“I feel like before the season got shut down, I was on that path,” Embiid said. “Especially after that All-Star Game, my mentality just completely changed. First part of the season, it wasn’t up to my standards — not even close. I was on that path to just changing all that and making it happen.”

Of course, what would an article about Joel Embiid be if health and fitness level weren’t mentioned? Embiid’s career has been mired by injuries. When he’s missed time, whether because of injury or load management, he’s admitted that he can get out of shape quickly. He hasn’t played a game since March 11.

GM Elton Brand said earlier this month that he “wouldn’t bet against” Embiid coming back ready to play. His head coach took it even a step further.

“Joel's always a topic. We get it,” Brett Brown said back on May 15. “The importance that he represents as being a complete parallel to can you win a championship or not, is real. I've had many conversations with Jo. I spoke with him 30 minutes ago, and he's got a real desire to be at a playing weight that equals his best since he's been in the league.”

No matter what the format looks like, the Sixers won’t have an easy road ahead if/when the NBA resumes play. It seems like they could meet the Celtics in the first round, a team that knocked the Sixers out of the playoffs in 2018.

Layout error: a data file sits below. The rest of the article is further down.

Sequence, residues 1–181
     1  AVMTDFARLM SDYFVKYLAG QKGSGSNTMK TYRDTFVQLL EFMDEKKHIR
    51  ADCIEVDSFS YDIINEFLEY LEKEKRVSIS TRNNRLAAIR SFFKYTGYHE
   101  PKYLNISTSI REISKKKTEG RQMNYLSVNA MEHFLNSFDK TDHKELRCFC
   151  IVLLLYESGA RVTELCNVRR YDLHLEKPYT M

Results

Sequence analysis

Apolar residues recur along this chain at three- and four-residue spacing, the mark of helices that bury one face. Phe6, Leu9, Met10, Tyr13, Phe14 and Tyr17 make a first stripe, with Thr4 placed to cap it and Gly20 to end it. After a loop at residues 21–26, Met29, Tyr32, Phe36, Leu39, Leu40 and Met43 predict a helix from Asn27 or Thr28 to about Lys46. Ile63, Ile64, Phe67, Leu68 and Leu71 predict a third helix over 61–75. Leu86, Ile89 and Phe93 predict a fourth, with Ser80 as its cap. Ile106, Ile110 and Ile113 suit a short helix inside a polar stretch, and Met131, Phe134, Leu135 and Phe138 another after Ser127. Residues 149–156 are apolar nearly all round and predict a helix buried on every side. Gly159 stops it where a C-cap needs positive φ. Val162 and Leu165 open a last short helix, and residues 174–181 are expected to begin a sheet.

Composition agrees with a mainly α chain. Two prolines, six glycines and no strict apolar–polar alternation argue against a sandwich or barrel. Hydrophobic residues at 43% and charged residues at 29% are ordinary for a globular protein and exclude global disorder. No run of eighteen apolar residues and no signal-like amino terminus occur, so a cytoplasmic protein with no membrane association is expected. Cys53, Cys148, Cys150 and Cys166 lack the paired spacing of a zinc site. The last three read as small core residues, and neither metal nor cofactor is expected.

Like anyone missing basketball, Embiid watched “The Last Dance” documentary. There are some parallels to be made as Embiid and Ben Simmons have had their share of disappointment in the postseason. Much like Michael Jordan and Scottie Pippen did with the “Bad Boy” Pistons, the Sixers’ All-Star duo may have to overcome their playoff boogeymen in Boston and Toronto.

Embiid believes he can push his teammates the same way Jordan once did.

“I did watch it. It was interesting,” Embiid said. “I saw a lot of similarities and a lot of people have told me that. … I can also be that guy, I just need to keep putting in the work and that’s what I’ve been doing.”